You’ve been working extra-long hours since receiving a dream promotion. You recently started dating and it’s consuming almost all of your free time. You haven’t got a free moment to yourself and feel like you’re losing your mind.

Finally, the weekend has arrived and you have no set plans. March Madness is happening and baseball season is rapidly approaching. You know what that means, right? Grilling season has officially begun, so round up your best buddies for a “Guys’ Night Out”!

This should be easy breezy; all you need are a few pounds of meat, seafood, veggies and condiments, along with tubs of ice cold beer and a few cigars. Plus the weather has broken, providing a mixture of sunshine with gusts of crisp spring air, making it perfect for grilling, and everyone can hang outside, clearing up the traffic flow of the house.

Grilling to a man is equivalent to baking for his female counterpart. It is almost second nature, in a sense. The grill is the ultimate symbol of masculine cooking. Eons ago, man tamed fire, and if you supply him with an industrial-sized grill, charcoal, lighter fluid or gas, he will produce his greatest creation yet.

He is armed with a stainless steel pair of tongs, spatula and platter. Now all he needs is to approach his prey quietly and carefully before going in for the kill. I am talking about flame-broiled steaks, juicy seasoned shrimp, succulent chicken breasts, smoked racks of ribs and so much more.

The good thing about all of this is that grilling is considered one of the healthiest ways to cook; the food should be extra spicy, and you will receive rave reviews as King of the Fire. So don’t hold back anything. If seasoned properly, the meat should hold up to almost any degree of heat that it encounters. Think of it as the modern-day man’s answer to urban tailgating. Remember the following when entertaining:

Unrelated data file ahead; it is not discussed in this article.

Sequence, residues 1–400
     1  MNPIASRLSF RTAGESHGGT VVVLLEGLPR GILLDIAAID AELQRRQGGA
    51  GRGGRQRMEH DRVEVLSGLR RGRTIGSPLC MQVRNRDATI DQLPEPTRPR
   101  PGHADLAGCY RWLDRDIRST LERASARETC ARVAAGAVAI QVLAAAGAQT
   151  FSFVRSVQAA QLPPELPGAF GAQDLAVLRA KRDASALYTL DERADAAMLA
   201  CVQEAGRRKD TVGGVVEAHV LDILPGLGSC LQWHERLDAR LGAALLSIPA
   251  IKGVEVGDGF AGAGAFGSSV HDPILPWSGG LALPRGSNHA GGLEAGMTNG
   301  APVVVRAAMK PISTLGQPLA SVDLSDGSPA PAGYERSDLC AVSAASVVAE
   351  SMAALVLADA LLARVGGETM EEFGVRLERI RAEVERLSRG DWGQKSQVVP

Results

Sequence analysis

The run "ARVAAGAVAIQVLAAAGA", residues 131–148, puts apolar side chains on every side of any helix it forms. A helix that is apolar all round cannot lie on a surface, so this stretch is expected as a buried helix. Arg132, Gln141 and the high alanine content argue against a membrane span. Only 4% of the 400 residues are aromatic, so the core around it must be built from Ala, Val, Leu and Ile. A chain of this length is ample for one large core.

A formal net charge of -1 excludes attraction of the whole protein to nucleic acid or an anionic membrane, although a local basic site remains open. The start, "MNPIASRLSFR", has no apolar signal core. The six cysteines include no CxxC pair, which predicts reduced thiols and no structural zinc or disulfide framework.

1. Always keep it simple! Nothing fancy, nothing complicated. Less is more; just the essentials needed to satisfy a manly appetite: beef, beef and more beef.
2. Marinate! Build flavor! Ketchup will not suffice in this situation. A bold flavor is needed to stand up to the heat of the grill. Create flavored dipping sauces to accompany your choices of meat.
3. Divide the responsibilities and costs; delegate someone to pick up the alcohol, another condiments, party favors, sides, etc. Don’t break the bank trying to impress your buddies.
4. Need pay-per-view! Make sure all the party favors are provided to keep everyone happily entertained.
5. Make sure everyone is happy and full. Enjoy the fellowship. Enjoy the freedom. Make it a point to book the next event while everyone is together.

Grilled Shrimp with Cilantro
2 lb shrimp, peeled or unpeeled

Cilantro Salsa
1 c chopped fresh cilantro leaves
2 cloves garlic, peeled and lightly smashed
1 Tbsp peeled and roughly chopped ginger
1 habanero or jalapeno pepper, stemmed, seeded, and roughly chopped, or dried red-pepper flakes to taste
1/4 c extra-virgin olive oil, (or corn or canola oil)
Fresh lime juice, salt, and pepper to taste

Grilling instructions
1. Make the Cilantro Salsa. Start a charcoal or gas fire (don’t make it too hot), and position the grill rack at least 4 inches from the heat source.

2. Grill the shrimp, turning once, until the shells are too hot to touch or the flesh turns bright pink and browns a bit. Serve immediately with the salsa.